Private Initiatives vs. State Interventions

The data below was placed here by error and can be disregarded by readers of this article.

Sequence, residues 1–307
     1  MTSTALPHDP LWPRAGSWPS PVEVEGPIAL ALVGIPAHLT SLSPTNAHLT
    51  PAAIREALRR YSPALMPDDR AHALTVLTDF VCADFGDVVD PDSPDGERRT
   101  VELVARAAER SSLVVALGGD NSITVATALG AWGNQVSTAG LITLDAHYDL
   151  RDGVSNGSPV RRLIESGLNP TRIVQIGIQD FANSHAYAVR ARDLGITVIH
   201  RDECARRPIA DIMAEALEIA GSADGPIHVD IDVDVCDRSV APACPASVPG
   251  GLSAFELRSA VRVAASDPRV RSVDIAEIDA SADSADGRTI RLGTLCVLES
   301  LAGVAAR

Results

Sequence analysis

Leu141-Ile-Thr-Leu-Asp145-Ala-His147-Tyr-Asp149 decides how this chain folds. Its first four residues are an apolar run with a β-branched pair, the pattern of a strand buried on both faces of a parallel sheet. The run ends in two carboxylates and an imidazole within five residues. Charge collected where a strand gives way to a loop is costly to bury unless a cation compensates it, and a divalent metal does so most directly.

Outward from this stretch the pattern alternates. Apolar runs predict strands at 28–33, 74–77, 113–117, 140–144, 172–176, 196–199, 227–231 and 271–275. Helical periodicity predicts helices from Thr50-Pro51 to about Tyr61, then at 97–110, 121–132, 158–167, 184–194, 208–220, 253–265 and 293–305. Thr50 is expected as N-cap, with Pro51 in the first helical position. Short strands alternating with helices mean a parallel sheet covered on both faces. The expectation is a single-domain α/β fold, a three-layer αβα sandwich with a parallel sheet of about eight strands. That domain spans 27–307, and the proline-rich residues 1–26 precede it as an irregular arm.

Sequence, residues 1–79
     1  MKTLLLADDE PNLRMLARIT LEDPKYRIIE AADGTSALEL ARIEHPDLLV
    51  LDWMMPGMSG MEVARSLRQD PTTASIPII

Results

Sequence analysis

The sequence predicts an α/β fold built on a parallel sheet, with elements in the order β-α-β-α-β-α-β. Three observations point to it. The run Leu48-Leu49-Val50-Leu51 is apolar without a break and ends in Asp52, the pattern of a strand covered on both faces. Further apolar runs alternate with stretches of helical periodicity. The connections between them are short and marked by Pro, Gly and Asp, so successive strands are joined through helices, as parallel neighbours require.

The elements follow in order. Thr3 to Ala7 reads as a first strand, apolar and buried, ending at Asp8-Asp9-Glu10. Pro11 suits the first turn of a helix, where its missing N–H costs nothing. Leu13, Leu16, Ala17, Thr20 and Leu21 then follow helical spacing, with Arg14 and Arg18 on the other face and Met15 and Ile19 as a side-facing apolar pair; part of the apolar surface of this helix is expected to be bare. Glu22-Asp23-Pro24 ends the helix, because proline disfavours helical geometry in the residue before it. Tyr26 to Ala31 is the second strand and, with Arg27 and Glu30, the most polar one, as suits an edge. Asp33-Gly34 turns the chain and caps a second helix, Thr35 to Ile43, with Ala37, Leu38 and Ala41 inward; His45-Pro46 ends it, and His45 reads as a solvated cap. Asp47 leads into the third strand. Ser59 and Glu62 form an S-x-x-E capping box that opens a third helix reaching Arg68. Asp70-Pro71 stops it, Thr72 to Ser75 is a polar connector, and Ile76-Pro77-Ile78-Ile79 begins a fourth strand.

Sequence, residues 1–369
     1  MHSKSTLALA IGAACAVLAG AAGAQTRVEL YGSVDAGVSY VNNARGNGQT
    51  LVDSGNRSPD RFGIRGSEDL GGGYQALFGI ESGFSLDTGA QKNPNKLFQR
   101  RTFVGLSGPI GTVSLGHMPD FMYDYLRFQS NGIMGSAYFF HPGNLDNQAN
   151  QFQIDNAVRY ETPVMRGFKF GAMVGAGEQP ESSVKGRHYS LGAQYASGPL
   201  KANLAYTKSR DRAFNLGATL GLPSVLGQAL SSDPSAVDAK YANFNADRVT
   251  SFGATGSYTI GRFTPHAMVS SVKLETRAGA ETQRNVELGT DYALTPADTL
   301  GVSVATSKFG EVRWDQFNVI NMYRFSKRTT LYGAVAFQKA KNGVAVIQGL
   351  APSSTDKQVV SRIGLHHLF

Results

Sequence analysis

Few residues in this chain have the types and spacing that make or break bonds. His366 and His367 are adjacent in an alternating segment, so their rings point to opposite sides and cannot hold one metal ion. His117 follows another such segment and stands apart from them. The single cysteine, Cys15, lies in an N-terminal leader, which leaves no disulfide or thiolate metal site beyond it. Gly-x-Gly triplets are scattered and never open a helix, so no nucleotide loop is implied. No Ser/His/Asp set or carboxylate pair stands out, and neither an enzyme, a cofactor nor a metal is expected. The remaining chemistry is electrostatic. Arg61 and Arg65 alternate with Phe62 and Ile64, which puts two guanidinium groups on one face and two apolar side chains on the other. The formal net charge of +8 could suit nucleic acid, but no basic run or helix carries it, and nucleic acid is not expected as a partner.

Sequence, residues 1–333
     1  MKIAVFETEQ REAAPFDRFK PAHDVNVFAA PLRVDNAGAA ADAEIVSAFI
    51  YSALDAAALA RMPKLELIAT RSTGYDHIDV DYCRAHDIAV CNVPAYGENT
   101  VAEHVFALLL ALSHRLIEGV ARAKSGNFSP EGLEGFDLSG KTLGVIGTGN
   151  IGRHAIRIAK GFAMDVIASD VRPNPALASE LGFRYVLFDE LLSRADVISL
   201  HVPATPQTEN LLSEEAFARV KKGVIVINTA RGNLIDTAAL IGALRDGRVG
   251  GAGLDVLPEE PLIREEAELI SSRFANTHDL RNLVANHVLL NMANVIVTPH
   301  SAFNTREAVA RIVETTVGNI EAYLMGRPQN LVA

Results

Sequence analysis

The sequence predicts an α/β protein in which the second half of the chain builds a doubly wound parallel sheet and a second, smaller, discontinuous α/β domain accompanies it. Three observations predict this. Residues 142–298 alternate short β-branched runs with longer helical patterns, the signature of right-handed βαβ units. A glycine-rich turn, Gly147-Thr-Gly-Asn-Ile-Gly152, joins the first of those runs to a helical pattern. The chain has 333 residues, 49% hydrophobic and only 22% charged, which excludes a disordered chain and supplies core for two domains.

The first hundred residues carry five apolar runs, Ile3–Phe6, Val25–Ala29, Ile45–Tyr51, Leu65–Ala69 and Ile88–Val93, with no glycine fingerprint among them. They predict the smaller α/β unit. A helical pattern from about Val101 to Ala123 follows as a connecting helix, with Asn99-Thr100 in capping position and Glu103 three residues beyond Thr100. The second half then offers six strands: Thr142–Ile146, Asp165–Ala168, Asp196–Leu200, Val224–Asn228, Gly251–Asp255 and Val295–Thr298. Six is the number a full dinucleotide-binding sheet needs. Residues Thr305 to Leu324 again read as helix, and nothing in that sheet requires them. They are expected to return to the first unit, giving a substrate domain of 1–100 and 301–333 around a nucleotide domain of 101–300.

A walk through Downtown Cairo is a unique experience any urban planner and architect would appreciate. It is a district from the 19th century that was dramatically transformed from an elite neighbourhood into a chaotic district overrun by street vendors and busy traffic within its streets. A decayed condition which left the area with many forgotten urban pockets that caught the attention of the Egyptian government and some private developers in the 1990s. Their agenda focused on bringing in new blood of different activities at the expense of expelling many residents and small-scale stakeholders. Along this sprawling gentrification, many private initiatives worked tirelessly on reclaiming some forgotten pockets and marginal passages as potential seeds for new urban ideas and social bonds to re-establish as opposed to gentrifying the area. This paper focuses on two pilot projects in Downtown, one is the ongoing experimentation of ‘Kodak’, a narrow service alleyway that was transformed into a 'public hub' by private entrepreneurs named ‘CLUSTER’. They emphasized a societal method that would bring in new types of users and promote for a more engaged interaction with the residents of the area. The other project is called ‘Al-Alfi’ Street, a project directed by the governorate in coordination with “Alfi Street Occupant's Union”. The street went through many top-down strategical planning since the 1990s, mainly focusing on refurbishing the pavement, face-lifting the shop windows, and controlling vendors’ trespassing. This paper discusses the successes/failures of the collaboration between urban planners and users in the streets of Downtown through exploring whereas the two different strategies of both cases which are still under evaluation. The paper questions how can we ‘as planners’ make sure that such transformations would not gentrify the streets as we know them? What sort of policies would ensure our social responsibilities toward our societies?